Figuring out which font for a website can be stressful. You want something reflecting your personality as a brand but also readable on both desktop and mobile devices. You may already have a logo and want something that meshes well with other design elements. 

According to Internet Live Stats, there are about 200,000 active websites, although the number changes frequently. You’re competing with social media and other sites for attention. If you want to stand out, you must pay attention to your design’s every little detail, including your font hierarchy. 

Figuring out what is the best font for a website starts with understanding the fonts available. There are four basic types of fonts.

Serif

Serif fonts have the little accents on the tails and stems of letters. Serifs can be a simple line or a curved end. They have a classical look, giving them a formal edge. Examples of best serif fonts for a website include:

  • Garamond 
  • Caslon 
  • Ogg 
  • Plantin
  • Romana

These are just a handful of some of the fonts with a serif design. Make sure whatever font you choose works in different browsers. Some designers choose a Google font because they work in the popular Chrome platform and are free for personal and commercial use.

Sans Serif

If you want a font with a modern edge, sans serif lacks the extra flourishes of a serif typeface. This choice works well for headings and logos. Although some use it for body text, be cautious as it can become difficult to read on smaller screens. Examples of popular sans serif fonts include:

  • Open Sans 
  • Istok Web 
  • Montserrat 
  • Proxima Nova 
  • Lota 
  • Avenir

When seeking out sans serif for body text, look for a style that isn’t too thin. If there are thinner points in the stems, they can almost disappear as you scale the type down to a smaller size. 

Script

If you want a handwritten look, script fonts are an excellent choice. They give a formal event type look with cursive letters, swirls and connected pieces. Some scripts have more flourishes than others. Some popular script fonts used on websites are:

  • Alex Brush 
  • Windsong
  • Lobster 
  • Yellowtail 
  • Dancing Script

Scripts work best for headings and logos. They become unreadable in smaller sizes, especially on mobile devices, so stick with a serif or sans serif for body text. 

Decorative

If you want to give your site a truly unique look, turn to decorative fonts. While there are many options available for download, you could also have someone create or refine a font with specific elements matching your business’ personality. Here are a few decorative fonts you might enjoy:

  • Henny Penny
  • Cinzel Decorative
  • Carter Layered
  • Cherie Bomb
  • Runy Tunes

If you search for decorative fonts, you’ll find thousands of choices. Narrow your search as much as possible by adding keywords tied to your industry. With a little effort, you’ll find the best headline font available.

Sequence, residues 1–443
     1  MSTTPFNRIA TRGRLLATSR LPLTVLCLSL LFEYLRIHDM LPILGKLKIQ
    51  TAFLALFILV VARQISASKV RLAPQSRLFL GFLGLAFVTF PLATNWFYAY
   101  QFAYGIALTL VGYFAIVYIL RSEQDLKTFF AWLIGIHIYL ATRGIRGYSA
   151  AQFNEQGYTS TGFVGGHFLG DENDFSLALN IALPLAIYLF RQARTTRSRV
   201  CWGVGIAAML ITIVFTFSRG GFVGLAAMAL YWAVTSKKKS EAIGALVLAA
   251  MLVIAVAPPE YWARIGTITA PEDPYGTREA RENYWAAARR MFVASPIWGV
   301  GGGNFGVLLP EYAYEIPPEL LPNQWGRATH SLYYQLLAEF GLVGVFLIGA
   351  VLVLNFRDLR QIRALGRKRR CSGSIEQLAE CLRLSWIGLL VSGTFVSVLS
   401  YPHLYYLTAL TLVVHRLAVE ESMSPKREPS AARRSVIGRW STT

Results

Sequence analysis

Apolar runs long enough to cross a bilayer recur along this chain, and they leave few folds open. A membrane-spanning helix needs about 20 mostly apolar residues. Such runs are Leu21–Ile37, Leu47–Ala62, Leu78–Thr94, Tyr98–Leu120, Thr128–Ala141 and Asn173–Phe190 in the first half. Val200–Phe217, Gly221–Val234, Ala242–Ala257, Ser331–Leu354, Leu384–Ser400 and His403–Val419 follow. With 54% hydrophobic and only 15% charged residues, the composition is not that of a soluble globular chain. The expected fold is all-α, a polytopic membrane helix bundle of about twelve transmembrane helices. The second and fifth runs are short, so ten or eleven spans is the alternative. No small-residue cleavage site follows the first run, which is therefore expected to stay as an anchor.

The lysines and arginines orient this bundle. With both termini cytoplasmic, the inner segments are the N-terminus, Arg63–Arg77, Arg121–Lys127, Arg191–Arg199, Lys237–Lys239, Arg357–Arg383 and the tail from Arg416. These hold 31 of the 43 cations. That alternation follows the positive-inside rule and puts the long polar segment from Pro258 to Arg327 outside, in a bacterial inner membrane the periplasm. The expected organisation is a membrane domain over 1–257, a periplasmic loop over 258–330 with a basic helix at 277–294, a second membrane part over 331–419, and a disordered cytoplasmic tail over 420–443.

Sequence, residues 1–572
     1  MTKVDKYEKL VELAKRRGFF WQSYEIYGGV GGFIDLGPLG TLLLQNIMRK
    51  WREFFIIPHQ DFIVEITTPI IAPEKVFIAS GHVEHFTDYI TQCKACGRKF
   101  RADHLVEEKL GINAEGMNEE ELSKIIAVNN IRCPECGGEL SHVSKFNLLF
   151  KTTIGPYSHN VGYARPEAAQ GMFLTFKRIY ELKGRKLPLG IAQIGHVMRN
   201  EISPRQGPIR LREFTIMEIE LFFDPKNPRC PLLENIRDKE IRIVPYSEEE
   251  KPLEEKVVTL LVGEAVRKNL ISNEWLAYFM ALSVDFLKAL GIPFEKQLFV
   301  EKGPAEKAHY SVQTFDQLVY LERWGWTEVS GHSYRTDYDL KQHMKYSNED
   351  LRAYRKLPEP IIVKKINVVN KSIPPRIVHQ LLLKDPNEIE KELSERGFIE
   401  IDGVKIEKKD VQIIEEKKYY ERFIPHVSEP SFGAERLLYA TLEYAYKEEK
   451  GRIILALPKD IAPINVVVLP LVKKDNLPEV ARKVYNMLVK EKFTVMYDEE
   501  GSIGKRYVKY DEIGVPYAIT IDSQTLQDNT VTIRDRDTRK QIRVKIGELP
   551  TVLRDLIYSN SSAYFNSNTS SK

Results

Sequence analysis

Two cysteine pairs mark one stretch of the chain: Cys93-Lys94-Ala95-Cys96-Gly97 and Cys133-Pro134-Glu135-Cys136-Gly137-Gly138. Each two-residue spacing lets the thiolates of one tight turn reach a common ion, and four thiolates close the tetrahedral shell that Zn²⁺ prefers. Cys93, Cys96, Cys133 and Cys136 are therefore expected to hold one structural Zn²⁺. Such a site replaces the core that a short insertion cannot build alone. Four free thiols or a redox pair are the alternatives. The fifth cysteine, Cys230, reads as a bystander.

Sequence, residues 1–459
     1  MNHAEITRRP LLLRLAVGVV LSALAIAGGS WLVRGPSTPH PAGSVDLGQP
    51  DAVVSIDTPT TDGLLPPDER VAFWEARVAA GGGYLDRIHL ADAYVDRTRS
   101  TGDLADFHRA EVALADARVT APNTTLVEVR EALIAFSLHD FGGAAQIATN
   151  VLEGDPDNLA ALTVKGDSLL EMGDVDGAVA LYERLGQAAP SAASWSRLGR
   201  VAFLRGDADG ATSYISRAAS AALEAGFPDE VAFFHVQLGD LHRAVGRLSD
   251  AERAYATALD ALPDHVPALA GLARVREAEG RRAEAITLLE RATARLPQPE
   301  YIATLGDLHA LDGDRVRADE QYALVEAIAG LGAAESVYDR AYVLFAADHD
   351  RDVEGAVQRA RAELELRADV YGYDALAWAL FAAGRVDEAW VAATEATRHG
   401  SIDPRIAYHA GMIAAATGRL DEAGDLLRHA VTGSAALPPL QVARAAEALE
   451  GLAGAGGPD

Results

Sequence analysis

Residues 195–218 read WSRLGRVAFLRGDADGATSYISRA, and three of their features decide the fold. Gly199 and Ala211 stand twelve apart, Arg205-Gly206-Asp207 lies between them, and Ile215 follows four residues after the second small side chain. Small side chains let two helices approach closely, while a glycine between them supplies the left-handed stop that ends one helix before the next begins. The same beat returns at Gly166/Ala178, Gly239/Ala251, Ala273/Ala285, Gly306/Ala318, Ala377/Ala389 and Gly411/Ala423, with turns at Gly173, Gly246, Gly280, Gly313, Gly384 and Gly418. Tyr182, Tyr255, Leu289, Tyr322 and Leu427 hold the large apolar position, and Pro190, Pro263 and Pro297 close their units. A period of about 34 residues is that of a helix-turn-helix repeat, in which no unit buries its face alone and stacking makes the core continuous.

Combining Types

Most websites turn to more than a single typeface to meet their needs. Even if you stick to a sole type, you’ll use different elements, such as bold or larger and smaller sizes. Mixing more than one type of font works well. As a rule of thumb, stick with no more than two styles, although some designers get away with three and pull it together. Beginners should go with two.

A serif and sans serif combination tells users you are a company with history and traditions, but you also understand modern technology and consumer needs. One common use is a sans serif heading and serif-based body text. You can alternately flip the two and use the sans serif for content. 

Script and decorative fonts should be reserved for logos and headlines. Using them in body text makes the information difficult to read and may frustrate your users. When using script or decorative, stick with one or the other. Try not to combine the two together unless they truly look outstanding, and the ligatures, tales, flourishes, weights and other elements match symmetrically. 

Studying Sites You Love

Perhaps there are a few sites you enjoy, and you’d love to utilize elements of their style. One technique is to right-click on the page and inspect the design components. You can search for “font” and figure out what they are using for the headings and paragraphs. Once you know the fonts used, you can either use those same ones or search for similar choices.

Figure out which fonts pair best together, and you can make minor adjustments or find choices highly similar to the ones you’ve chosen. 

Pay attention to the logos on those sites as well. Do they use a decorative or script font in their design? Perhaps the look is hand-drawn, and you can’t find it anywhere else. The inability to locate the look is the signal of a custom font. You may not be in a position to afford to hire someone to create a custom option for you, but you might be able to find a ready-made font with a similar look.

Add Flourishes

Another idea for beautiful website typography is using a single font but putting flourishes on your headings or logos. You simply use the same font but add a swash in your image editor to give it a more customized look. You can use something like Photoshop or Canva.com to add some interest to your design. 

Which Font Is Most Pleasing to the Eye?

There is a reason fonts such as Roboto and Helvetica are so popular and used repeatedly throughout the web. They have an excellent balance and are easy to read. People gravitate to them. They can blend with the background and not distract, but also create an aesthetically pleasing look. 

When in doubt, go with the popular choice as it is tried and true. You can always play around with logos and headings until you find just the right mix between traditional and unique. Your site visitors may not be aware of the thought you’ve put into choosing just the right typography, but they’ll appreciate it on a subconscious level.